Hi Thomas. Sounds like fun. I remember one system at a fellows home in L.A. He had an attic, each side of which was a part of an "A"-frame double-slope.
Inside, he had made concrete tunnel-ports (ala JBL Paragon!), but these were tall enough to stand up in, and wide enough to walk through. Each roof slope formed a side of each tunnel.
At the APEX-- on the floor- where sloped wall and the other side of his tunnel joined the floor-- that formed a corner. In each corner was a JBL 18" SVG type woofer.
Next, was a JBL 15" SVG woofer, enclosed in a transmission-line box. This box was placed IN the tunnel, on the floor. It was moved around to get "best sound".
Then, he used a 2" JBL midrange driver (similar to 375, etc.), with his own horn-load attached. This was a simple Fiberglas flare-horn. (not truly Tractrix or Exponential). Next was the tweeter, which was a small "bullet" placed in the room where he had deemed it to sound good. (Time-aligned).
A 300B amp drove both the tweeter and mid unit thru a passive crossover that was "simple"- oil cap and inductor.
The 15" woofer was driven by a Conrad-Johnson tube amp, and the 18" had a 200Watt Solid State unit.
Now, one might expect that all of this would not sound coherent. But, the guy was a pro baseball player and had no knowledge of electronics.
Therefore, he just did it right-- he had no preconceived notions or methods that he copied. He just set it up until it sounded right.
It is the 2nd best system I have ever heard, period.
I like your ideas. Low-loss path means that you use power supply energy in creative ways in the amp circuitry so as to avoid voltage and current losses (heating of signal-carrying components and leads). Layout and wiring perfection aids you in this process.
Where you need a low-DCR source from a dropping resistor to power a driver stage, etc.,, you can waste power here-- but NOT in the active circuitry-- with shunt regulation, and make the load "see" a low-DCR power source.
For sonic and reliability reasons, I use only resistors for shunt-regulators, the output of which receives additional low-DCR, and low-capacitance filtering..
This additional step does add the final control for the main power supply as well, finally bringing it into correct inductance and capacitance balance-- as an operating whole.
In earlier posts I had claimed that the ENTIRE amplifier was all power supply components-- this step is part of that. I don't think people "got it".
The LSES idea is still being judged by the MAIN p.s.-- as if it was the only thing operating there-- by itself-- containing two chokes and two caps. That system is a VERY SMALL PART of one of my power supplies.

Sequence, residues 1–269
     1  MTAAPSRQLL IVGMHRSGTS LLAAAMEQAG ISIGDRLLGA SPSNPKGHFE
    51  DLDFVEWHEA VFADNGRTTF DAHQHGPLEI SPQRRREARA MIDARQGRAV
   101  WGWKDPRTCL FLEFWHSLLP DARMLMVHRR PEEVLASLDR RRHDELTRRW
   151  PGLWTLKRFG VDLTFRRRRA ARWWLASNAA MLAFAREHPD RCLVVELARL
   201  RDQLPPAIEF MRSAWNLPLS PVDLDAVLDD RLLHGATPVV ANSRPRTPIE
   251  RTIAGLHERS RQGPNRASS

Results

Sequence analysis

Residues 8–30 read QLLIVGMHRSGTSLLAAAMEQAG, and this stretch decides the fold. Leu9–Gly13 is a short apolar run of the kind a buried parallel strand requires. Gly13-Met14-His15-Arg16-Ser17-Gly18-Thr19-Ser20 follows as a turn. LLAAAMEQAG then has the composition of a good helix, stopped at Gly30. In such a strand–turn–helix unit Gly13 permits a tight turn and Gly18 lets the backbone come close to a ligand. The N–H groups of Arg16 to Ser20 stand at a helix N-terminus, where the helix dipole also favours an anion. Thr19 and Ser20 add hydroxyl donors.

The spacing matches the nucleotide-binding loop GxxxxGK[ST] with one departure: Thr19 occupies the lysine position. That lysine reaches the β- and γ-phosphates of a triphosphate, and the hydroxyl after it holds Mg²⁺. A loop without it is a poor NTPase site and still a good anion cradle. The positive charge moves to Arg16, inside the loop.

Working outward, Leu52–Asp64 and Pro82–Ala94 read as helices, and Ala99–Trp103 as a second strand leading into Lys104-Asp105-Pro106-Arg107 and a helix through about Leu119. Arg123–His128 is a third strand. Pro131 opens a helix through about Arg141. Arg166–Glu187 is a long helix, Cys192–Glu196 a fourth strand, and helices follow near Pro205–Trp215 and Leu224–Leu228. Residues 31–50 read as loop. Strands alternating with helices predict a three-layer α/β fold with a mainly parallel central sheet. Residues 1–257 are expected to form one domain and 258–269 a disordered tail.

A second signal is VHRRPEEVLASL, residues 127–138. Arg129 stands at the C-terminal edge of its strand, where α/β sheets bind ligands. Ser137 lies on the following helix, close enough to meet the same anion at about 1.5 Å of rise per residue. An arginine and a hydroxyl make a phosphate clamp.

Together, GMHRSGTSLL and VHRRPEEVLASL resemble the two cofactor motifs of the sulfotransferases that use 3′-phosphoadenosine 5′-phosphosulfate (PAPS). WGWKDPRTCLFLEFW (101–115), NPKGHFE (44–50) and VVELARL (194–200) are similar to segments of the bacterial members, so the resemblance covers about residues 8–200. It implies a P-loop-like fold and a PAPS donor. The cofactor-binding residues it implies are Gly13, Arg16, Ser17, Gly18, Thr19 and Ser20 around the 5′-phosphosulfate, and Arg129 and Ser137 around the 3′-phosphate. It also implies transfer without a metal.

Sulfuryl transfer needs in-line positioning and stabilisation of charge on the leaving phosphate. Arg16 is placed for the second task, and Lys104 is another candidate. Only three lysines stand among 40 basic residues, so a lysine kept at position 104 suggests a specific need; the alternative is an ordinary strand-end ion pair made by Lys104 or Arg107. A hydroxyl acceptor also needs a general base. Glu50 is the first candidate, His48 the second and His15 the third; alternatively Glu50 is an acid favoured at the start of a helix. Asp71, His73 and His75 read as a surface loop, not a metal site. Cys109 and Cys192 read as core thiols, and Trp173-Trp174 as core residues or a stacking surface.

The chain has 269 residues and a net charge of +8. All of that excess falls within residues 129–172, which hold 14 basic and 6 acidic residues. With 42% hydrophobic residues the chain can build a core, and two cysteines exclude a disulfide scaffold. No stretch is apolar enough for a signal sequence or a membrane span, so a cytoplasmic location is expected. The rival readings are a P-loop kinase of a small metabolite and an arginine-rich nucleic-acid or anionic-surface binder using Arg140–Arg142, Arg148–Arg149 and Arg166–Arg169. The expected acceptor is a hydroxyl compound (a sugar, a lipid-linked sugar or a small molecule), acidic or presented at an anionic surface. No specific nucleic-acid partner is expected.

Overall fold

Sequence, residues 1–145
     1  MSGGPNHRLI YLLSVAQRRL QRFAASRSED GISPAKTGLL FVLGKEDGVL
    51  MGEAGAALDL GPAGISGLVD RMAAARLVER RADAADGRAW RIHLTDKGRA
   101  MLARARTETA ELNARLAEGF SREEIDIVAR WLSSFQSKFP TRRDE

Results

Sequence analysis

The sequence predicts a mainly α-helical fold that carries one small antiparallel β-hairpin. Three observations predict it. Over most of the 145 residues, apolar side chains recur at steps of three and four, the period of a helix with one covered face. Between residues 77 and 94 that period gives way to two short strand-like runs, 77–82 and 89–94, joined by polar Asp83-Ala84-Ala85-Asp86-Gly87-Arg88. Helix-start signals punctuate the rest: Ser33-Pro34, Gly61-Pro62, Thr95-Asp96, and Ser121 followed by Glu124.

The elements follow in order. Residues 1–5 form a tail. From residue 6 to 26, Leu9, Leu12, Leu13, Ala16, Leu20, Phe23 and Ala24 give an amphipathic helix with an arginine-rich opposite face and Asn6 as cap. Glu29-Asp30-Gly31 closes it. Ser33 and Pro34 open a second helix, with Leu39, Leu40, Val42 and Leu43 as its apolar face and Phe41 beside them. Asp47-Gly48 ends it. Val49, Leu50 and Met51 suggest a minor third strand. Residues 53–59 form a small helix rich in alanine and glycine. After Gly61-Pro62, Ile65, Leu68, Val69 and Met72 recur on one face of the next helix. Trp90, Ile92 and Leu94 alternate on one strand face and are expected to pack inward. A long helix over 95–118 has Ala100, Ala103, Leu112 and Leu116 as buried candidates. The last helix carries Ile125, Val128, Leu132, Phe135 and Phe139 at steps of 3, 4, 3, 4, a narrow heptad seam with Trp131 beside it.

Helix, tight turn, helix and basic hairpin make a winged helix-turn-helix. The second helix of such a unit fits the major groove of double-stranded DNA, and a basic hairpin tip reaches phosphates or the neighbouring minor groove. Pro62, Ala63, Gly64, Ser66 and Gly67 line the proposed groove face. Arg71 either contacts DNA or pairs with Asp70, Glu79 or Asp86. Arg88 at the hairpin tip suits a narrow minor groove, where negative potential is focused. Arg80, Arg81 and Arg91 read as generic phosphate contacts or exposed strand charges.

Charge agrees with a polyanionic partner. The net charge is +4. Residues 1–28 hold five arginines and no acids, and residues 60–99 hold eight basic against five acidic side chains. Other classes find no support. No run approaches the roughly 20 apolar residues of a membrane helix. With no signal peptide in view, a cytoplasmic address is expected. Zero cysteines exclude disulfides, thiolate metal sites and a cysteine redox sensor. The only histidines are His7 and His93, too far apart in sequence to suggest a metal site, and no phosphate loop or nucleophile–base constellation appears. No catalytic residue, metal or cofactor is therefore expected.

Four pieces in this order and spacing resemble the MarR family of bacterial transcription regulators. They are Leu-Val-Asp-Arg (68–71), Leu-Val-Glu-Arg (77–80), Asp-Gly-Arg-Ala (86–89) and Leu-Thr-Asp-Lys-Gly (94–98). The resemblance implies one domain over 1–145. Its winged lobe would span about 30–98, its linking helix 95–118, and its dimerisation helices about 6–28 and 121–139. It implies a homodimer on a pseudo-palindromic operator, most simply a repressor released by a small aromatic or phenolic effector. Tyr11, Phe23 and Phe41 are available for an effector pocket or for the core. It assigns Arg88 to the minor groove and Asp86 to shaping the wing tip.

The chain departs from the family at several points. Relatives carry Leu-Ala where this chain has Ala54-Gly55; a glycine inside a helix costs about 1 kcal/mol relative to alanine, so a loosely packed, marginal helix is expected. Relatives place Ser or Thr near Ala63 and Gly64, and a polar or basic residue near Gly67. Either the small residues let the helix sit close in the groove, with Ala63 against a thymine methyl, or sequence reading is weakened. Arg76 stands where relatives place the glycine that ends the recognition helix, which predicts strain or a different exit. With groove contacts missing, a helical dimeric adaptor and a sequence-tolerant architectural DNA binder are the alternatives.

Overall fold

Proper power supply design requires some DCR and enough inductance to keep the first cap's charging current constant.
Other power supply designs will work but not as well.
Have Fun and Enjoy the Music
"Still Working the Problem"
Define the terms "some DCR" and "enough inductance." 20 ohms? 100 ohms? 200 ohms? 10H? 5H? 15H? A friend showed me the formula to find out how much inductance to use on a circuit in a particular part of the crcuit or the whole circuit.
The formula for critical inductance is for the input (first part after the diodes) choke. Lc = ((voltage / current) + DCR of choke))/1000
So if your B+ will be 400 and the current draw is 80ma. with a choke that has 60 ohms DCR you need a 5.06Hy choke.
boris' math works out to be almost the same. He's right about using a choke larger than the formula just to make sure.
The DCR of the choke has to do with the value of the caps and the DCR of the power transformer. I don't have a formula for that but the Duncan PSUDII is very helpful.
Too little DCR and the supply will ring (the voltage will not only drop when more current is drawn, it will also "bounce").
PS Low DCR is a good thing as long as the ringing can be controlled and other, more important things have not been compromised.
Have Fun and Enjoy the Music
"Still Working the Problem"
For a 60hz input, critical inductance is Lc > RL/1130 (From RDH4), where RL is the load resistance. You can usually approximate it by RL = VL/IL where VL = 0.9*(VAC-Vdrop), IL is load current, where VAC is the AC input voltage to the filter (per leg) and Vdrop is the diode drop voltage (you can approximate here). You can do all the math here, or a few button clicks in PSUDII :).
Whatever value you find, it's best to use 25%+ minimum inductance to ensure it won't drop into DCM and deregulate (B+ will increase). Just make sure your inductor resistance isn't too high that winding dissipation will risk an open-coil. Usually < 5 watts on an average sized choke is the maximum you'd want (hard to say what 'average' is, but I'm looking at a 2.5" x 3" x 1" lamination stack choke here that has 75 ohms and is rated for 300mA -> 6.75 watts @ max DC current). Having some resistance helps with damping and ringing with a changing load. Hope this helps!
If you want a straight answer, leave this forum immediately and go to diyaudio.com.